Don't
confuse COP with efficiency |

I found this recent letter from Tom Bearden's site very accessible and instructive. I'll reproduce it here with the hope that every visitor will read it. Thanks again Tom and wish you a quick full recovery and lots of energy (free or not) to continue in your mission!

Date: Mon, 25 Feb 2002 01:07:52 -0600

Dear John,

You confuse COP with efficiency, and they are two quite different things. Even many of the textbooks confuse these terms quite often.

Rigorously, the efficiency of a motor or system may be defined as (total useful output) divided by (total energy input from all sources). No inert system can have an efficiency of greater than 100%, for that would be a violation of energy conservation.

The coefficient of performance (COP) of a motor or system may be defined as (total useful output) divided by (energy input by the operator only). If the operator only has to input, say, 10 joules of energy and the active environment freely inputs 90 joules of energy, then the total input is 100 joules. Now suppose that the system has 50% efficiency; i.e., it wastes or "loses" half the energy before it dissipates the rest of it in the load to do useful work. In that case the system outputs 50 joules of work for a total input of 100 joules, but with the operator only inputting 10 of those 100 input joules.

So this system has an efficiency of 50% but a COP =5.0. A windmill, e.g., may have an efficiency of 30% or less, but its COP approaches infinity because the operator does not have to input any energy at all. He just pays for the siting, building of the windmill, repairs, and maintenance. And hopes his winds hold good.

The common home heatpump is usually not even 50% efficient, but in appropriate conditions it has a maximum COP = 8.22, and any good heatpump will actually produce about COP = 4.0.

In a sailboat, you have to input some energy to move the rudder and steer it, but not nearly so much energy as is used to propel the boat through the water. The wind caught by the sail inputs the rest of it. Yet the sail is a fairly sloppy process also, and unless well-designed will not be nearly as efficient as a well-designed one.

So the trick is to get the active environment to give you a "free wind" so you can have something approaching a windmill. Or as close to that as you can get.

Fortunately, in electrodynamics there are many "free winds" one can make with ease. The simplest one is to just make a common dipole. Lee and Yang received a Nobel Prize in 1957 for their work in broken symmetry and the weak interaction.

One of the broken symmetries that was proven was that of opposite charges - such as are on the ends of a dipole.

The very words "broken symmetry" in power systems implies that something virtual has become observable. In other words, the charges of the dipole continually absorb virtual photons from the seething vacuum (that is proven and well-known, and one does not have to prove it again). The spin of the charges then coherently integrates that absorbed virtual energy into real, observable EM energy. The dipole thus pours out EM energy in all directions at the speed of light. Let it alone and don't destroy it, and it will pour out that energy indefinitely. The dipoles in the original matter in the universe have been doing that for some 14 billion years or so. We used that fact of broken symmetry of opposite charges, together with the known clustering of virtual charges of opposite sign around any "isolated" observable charge, to treat the observable charge as a set of composite dipoles. Hence this finally explained the long-vexing source charge problem: how does a charge just sit there an pour out energy in all directions at the speed of light, establishing its associated fields and potentials and all that energy in them? We explained that in 2000, after a couple or three years work on it.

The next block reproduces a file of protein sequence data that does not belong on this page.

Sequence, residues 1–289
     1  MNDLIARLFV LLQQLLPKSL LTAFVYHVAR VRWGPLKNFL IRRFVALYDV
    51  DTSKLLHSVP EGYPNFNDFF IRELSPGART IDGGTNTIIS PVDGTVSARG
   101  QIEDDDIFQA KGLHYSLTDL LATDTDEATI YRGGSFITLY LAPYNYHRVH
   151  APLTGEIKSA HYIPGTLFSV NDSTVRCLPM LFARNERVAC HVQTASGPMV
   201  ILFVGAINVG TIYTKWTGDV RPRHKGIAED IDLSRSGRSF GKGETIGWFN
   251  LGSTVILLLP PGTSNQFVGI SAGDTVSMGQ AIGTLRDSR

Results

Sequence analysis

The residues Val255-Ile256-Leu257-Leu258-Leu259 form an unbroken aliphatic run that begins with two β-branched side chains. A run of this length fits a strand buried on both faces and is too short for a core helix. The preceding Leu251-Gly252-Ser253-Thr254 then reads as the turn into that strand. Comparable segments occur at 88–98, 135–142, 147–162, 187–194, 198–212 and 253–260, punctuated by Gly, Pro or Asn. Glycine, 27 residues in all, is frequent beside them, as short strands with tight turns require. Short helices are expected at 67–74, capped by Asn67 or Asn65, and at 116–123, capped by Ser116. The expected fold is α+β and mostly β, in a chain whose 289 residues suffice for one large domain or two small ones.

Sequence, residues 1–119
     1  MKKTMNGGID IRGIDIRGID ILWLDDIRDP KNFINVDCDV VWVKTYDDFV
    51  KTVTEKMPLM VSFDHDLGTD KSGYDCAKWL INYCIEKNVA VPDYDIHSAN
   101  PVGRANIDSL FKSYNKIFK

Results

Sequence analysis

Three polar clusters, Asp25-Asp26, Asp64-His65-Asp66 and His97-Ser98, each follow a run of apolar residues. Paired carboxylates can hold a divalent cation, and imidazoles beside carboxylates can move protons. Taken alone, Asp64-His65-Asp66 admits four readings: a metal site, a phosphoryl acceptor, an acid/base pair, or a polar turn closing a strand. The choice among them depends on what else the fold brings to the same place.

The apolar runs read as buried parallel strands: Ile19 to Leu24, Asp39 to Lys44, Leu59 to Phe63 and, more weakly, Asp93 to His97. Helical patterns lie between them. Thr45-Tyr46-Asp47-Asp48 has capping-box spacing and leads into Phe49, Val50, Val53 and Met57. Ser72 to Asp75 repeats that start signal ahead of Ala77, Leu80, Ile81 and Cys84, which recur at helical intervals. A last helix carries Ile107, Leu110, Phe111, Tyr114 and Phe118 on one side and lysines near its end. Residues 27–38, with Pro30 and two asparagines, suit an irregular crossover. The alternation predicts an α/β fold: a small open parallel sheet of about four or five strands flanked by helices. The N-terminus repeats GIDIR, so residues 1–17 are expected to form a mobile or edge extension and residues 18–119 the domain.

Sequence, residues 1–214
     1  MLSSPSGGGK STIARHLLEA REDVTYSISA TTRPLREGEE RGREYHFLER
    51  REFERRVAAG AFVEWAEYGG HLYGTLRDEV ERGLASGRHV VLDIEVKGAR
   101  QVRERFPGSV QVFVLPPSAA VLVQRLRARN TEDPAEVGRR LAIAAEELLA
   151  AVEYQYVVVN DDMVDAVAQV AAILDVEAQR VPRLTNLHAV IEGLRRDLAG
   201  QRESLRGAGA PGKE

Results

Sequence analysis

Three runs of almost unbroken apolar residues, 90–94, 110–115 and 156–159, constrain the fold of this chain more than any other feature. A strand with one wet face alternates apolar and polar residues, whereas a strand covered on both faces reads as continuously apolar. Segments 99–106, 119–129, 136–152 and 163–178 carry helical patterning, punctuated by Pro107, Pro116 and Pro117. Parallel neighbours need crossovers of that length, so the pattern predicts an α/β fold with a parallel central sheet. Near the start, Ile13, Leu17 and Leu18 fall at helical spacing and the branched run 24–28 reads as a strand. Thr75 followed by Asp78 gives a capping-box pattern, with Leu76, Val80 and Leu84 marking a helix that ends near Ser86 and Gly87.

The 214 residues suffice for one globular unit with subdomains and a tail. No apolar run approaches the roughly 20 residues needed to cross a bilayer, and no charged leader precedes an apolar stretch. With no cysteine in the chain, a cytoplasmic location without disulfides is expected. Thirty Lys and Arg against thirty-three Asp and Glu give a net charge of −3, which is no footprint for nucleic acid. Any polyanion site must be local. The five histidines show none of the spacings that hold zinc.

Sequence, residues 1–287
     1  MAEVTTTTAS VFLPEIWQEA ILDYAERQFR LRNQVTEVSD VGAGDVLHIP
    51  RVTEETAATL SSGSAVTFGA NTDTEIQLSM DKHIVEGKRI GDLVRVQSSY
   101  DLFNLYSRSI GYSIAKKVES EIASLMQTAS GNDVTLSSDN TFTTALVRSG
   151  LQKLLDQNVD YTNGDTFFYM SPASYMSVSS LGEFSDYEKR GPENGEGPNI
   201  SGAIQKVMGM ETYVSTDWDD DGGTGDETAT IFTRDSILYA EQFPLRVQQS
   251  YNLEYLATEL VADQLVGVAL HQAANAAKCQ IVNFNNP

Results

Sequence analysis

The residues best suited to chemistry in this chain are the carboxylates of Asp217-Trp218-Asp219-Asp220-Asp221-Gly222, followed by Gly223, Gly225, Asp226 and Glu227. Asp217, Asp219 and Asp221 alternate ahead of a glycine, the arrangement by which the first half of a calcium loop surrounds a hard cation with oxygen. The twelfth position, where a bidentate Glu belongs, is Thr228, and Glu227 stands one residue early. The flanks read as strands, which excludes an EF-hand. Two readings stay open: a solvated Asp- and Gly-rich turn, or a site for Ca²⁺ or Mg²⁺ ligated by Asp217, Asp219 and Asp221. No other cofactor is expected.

A simple "free energy system" can be built for a dollar. Just place a charged capacitor (or electret) across a permanent magnet so that the E-field is perpendicular to the H-field of the magnet. That silly thing will sit there and pour out Poynting energy flow S = E x H, so long as you just let it alone. Wait one year, and it will have changed the energy density of a volume of space a light year in radius (reaching out beyond the solar system).

In solving the dipole and source charge problems, it was found that the energy input comes from the time domain into 3-space via the negative charge, and exits 3-space back to the time domain via the positive charge.

In electrical engineering, it is recognized that the source charge pours out the energy to create all its associated fields, but until 2000 there has been no explanation as to what furnished the input energy. In effect, electrical engineering and classical electrodynamicists for more than a century have assumed that every charge in the universe is a perpetual motion machine of the worst kind, creating energy out of nothing.

There is no problem at all in extracting all the energy one wishes from the active vacuum, anywhere in the universe, at any time. Just make a dipole.

The problem is in (1) catching some of that freely gushing EM energy in a circuit containing a load, and (2) dissipating the caught and collected EM energy in that load to power it, without using half the caught energy to destroy the source dipole(s).

That is the ONLY real energy problem on the planet, and always has been.

It is ironic that the National Academy of Science, the National Science Foundation, the great national test labs, the universities, and the private research institutes are not working on the sole energy problem at all.

Hope this helps.

Tom Bearden